The most read review of the month was not of a book but of the Scribd ebook/audiobook subscription service.
I am a fan of the service, although it does not work with my Kindle Paperwhite, which is my prefered device. But it does have a lot of audiobooks, which is what I have been using it for more than anything else.
The second most read review was about the areas that I think Scribd needs to improve. A few of them have already had updates since I posted (and I have updated the post where the improvements made a difference.
Lifehacker mentioned Scribd as one of the five best audiobook services last week.
Summary: A readable, recent introduction for those new to Anglicanism.
The Anglican Way is a fairly recent book that is still spreading by word of mouth. I saw last week that it was the best selling Anglican book on Amazon.
If you are interested in the concept but don’t want to read the book, you might be interested in McKenzie’s podcast of a five week teaching of the main content of the book. I listened to all of it and while there was certainly overlapping content, the podcast had enough new material and questions from the audience that it was well worth listening to.
Summary: A history and guide to early church theologians, pastors and writers.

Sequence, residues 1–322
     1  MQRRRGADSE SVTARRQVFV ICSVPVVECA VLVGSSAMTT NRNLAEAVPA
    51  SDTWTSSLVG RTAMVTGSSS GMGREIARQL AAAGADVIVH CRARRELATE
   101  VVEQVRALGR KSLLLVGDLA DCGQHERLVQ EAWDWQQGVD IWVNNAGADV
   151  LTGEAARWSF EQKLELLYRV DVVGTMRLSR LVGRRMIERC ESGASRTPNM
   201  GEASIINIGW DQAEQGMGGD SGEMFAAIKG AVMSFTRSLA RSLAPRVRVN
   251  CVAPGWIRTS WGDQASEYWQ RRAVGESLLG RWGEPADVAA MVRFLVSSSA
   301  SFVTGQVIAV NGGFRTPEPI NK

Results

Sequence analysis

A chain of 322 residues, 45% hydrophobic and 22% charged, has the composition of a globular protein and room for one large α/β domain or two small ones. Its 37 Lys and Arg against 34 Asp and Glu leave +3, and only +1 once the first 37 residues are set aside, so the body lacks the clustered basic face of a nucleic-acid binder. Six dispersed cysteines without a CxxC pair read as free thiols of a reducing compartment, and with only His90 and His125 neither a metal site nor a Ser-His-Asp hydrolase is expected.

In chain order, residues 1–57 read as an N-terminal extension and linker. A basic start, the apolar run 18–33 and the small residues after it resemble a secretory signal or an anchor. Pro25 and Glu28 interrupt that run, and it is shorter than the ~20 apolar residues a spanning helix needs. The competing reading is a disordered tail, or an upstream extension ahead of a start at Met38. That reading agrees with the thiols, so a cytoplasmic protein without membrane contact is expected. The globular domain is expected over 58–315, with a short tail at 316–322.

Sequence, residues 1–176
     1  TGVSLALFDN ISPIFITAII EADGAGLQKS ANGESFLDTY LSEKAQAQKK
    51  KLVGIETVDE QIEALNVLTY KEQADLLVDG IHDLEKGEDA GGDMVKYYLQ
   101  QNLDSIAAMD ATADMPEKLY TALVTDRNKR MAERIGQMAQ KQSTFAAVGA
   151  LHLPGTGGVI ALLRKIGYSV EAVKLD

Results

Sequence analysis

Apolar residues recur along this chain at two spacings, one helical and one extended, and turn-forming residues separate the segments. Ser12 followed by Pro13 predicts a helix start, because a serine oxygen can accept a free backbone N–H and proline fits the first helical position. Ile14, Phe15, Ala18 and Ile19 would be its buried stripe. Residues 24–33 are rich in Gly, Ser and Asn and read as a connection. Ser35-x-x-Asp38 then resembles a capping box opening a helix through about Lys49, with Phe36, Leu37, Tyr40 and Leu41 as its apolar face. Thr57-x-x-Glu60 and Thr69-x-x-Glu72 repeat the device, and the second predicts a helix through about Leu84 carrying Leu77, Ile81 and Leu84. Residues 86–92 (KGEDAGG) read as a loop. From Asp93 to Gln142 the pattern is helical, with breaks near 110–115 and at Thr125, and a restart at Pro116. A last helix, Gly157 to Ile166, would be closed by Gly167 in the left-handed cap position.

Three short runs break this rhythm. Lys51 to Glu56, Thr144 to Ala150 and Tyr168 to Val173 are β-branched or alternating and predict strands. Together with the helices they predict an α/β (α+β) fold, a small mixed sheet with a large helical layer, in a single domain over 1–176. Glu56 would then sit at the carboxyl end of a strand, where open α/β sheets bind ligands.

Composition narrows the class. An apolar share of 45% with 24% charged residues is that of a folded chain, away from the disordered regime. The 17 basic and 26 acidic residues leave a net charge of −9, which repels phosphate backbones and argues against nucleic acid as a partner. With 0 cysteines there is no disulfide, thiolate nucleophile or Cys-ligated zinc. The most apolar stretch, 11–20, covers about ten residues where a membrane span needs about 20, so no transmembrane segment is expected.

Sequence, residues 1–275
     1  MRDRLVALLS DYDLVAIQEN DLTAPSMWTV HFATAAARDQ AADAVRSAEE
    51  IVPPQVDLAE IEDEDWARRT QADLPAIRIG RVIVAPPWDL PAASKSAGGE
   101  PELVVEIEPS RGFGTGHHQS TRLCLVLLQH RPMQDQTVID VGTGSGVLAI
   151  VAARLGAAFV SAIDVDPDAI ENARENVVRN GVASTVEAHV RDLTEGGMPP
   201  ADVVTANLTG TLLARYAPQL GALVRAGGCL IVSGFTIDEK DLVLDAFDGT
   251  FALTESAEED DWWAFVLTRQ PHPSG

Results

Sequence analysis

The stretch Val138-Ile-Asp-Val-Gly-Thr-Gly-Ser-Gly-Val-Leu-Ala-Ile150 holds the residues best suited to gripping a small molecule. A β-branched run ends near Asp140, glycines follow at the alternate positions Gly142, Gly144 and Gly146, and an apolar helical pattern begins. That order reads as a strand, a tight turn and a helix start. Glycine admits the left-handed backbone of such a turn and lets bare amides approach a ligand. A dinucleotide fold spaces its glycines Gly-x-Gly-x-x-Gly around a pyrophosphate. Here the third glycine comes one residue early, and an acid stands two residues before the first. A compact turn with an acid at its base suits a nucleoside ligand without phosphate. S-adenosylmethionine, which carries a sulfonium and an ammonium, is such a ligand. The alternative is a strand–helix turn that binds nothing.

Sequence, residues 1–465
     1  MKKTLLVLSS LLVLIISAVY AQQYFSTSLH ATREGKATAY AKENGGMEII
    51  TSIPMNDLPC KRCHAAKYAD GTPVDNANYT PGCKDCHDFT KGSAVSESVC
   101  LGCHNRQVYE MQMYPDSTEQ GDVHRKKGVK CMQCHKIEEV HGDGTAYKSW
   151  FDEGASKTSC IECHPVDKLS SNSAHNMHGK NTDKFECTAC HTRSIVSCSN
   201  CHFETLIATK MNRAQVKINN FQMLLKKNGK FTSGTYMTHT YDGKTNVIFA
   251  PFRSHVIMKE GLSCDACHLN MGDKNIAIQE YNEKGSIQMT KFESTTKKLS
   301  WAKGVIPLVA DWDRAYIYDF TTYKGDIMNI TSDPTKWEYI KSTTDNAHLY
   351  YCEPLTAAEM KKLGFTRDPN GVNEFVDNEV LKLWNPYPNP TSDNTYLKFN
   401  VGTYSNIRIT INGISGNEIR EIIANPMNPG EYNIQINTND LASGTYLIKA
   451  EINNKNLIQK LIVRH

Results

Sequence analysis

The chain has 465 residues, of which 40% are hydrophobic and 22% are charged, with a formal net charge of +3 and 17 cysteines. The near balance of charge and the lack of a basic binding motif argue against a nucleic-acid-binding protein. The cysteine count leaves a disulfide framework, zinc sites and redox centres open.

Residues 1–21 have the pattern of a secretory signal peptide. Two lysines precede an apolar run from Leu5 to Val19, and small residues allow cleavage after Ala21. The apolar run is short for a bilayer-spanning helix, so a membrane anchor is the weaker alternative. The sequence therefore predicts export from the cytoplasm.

When the Church was Young was the third book about the early church fathers I have read this year and I have two more ready to read soon.
Church history is one of the areas that I am interested in and I think more people should read more about. A lot of the silly infighting around theology, especially in the Evangelical church would be solved by better understanding of church history and/or historical theology.
Bookwi.se contributor Vikki Husiman’s review of Scary Close was the third most read book review (and also posted just a couple days before the end of the month). So I think that both Donald Miller and the subject of intimacy still have a real place in our reading.
I know I always appreciate getting more voices to Bookwi.se. If you are interested in posting a review for Bookwi.se let me know. (I have a baby coming in a couple weeks and I could use some extra reviews for the transition.)
Summary: We as modern Christians miss a number of nuances of scripture because we do not understand ancient Hebrew culture.
The concept of the book is right. There are many things about scripture that we miss if we do not work to understand the intention of the author and/or the culture of the original readers. But this was not a book that I can recommend. Parts of it were excellent, but others moved outside of Christian orthodoxy.
I do not like writing negative reviews and this is a good example of why I usually do not accept review copies of books (and should not have accepted this one.)